How Editing A Novel Is Like Carrying A Big Purse

Either the answer to my prayers or a full blown nightmare. Not sure which.

Either the answer to my prayers or a full blown nightmare. Not sure which.

JUST A NOTE: THE NEW TITLE FOR “FINDING IZZY LANE” IS “THE GOOD NEIGHBOR.” I HOPE YOU’LL LOOK FOR IT IN 2015!

I found a banana at the bottom of my purse. There was no smell, no recollection of a lost snack. I was just in there, elbow deep, rooting around for a tissue (didn’t have one), or maybe a lip gloss (always have two), and found fruit. I hadn’t even remembered putting it in there. Out it went. Obviously at some point I thought I needed a banana in my purse, likely an effort to stave off plummeting blood sugar on some lone suburban excursion. But when I found the banana I realized I hadn’t needed it when I thought I would — and there was no reason to save it. I had other awesome things in my purse (entire case of pens, mini hairbrush, four eyeglass cleaners, cinnamon Altoids—the best) and that I would never miss the banana.  I also realized that if I wanted a banana, I could always get another one.

At the end of the week I received my edits for FINDING IZZY LANE, my next novel. Getting those pages in the mail in a big envelope with a St. Martin’s Press return address was the same kind of rush I get when I find that brand new perfect purse. Granted, a novel isn’t perfect (ever), but especially not in the revision stages. Yet, there is inherent, undeniable thrill in potential. Like with an empty purse.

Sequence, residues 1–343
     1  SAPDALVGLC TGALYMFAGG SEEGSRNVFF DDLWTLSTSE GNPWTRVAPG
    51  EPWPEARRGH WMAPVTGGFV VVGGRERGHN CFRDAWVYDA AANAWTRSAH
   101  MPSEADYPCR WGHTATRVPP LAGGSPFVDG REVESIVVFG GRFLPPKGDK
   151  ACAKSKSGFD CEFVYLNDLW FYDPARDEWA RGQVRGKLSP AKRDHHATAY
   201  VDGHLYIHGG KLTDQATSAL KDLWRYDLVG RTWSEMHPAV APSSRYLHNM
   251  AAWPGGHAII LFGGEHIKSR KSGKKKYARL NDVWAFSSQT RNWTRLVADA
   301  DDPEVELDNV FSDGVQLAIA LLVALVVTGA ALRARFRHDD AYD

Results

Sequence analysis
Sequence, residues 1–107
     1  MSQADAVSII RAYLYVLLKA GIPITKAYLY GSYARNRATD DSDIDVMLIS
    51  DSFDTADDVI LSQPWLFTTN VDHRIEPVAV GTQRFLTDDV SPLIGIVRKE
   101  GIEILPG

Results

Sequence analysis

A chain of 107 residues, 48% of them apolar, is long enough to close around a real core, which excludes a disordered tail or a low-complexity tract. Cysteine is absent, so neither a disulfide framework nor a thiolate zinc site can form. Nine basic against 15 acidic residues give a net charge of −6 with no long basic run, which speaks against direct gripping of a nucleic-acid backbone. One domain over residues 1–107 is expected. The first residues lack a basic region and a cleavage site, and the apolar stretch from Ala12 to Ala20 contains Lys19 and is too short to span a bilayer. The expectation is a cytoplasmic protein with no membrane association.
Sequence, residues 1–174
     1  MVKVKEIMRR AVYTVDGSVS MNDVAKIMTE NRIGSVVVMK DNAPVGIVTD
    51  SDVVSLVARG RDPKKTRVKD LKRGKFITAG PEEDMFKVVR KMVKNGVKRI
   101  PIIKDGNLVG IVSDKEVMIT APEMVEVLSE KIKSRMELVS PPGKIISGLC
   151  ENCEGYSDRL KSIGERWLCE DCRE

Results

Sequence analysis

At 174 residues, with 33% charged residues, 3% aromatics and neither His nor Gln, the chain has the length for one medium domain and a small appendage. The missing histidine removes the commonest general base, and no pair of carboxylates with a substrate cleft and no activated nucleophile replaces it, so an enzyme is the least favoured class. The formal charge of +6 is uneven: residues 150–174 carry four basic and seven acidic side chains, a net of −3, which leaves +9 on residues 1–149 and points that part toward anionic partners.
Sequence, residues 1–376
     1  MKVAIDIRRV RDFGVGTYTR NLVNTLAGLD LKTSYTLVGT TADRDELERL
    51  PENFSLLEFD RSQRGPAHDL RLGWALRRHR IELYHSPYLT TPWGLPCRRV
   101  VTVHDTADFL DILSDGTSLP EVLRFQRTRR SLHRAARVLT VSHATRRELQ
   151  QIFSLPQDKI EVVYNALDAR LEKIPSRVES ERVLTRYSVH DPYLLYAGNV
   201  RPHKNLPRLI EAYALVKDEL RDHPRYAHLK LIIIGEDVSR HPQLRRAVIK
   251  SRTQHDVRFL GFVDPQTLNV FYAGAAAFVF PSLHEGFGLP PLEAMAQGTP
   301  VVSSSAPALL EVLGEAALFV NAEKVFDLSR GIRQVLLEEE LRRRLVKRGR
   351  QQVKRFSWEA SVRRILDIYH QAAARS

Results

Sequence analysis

When I was writing FINDING IZZY LANE I took a somewhat different approach from when I was writing THE GLASS WIVES. Frankly, that was easy, as my early drafts of THE GLASS WIVES had no real “approach.” This time, I followed advice from my editor (as much as I could). She had told me once that it’s easier to take things out than put things in—so instead of writing sparse, which is my inclination, I tried to fill things out as much as possible, knowing that I could go in later and pull out what I didn’t need or want. Like the banana! When in doubt, I often left things in this version of FINDING IZZY LANE, that I might have left out had I been writing THE GLASS WIVES. And while there are certainly places I need to fill out and bump up in FINDING IZZY LANE, I am comfortable with the decision of what I left in initially. I thought I might need them, so they stayed. Now they’ll go. I believe they also gave my editor, and her assistant (who is awesome), a keen insight into the story and characters, even if some of the passages or scenes will be deleted or changed or moved around.

And that’s also like carrying a big purse, or even a small one (I have many of each). I have to make sure that my phone is easily accessible, and that a few key cosmetics are grabbable. I move things between pockets inside and out, check to make sure the key is where it needs to be. Doesn’t matter if it’s a wristlet or a satchel,  I’m a huge re-arranger.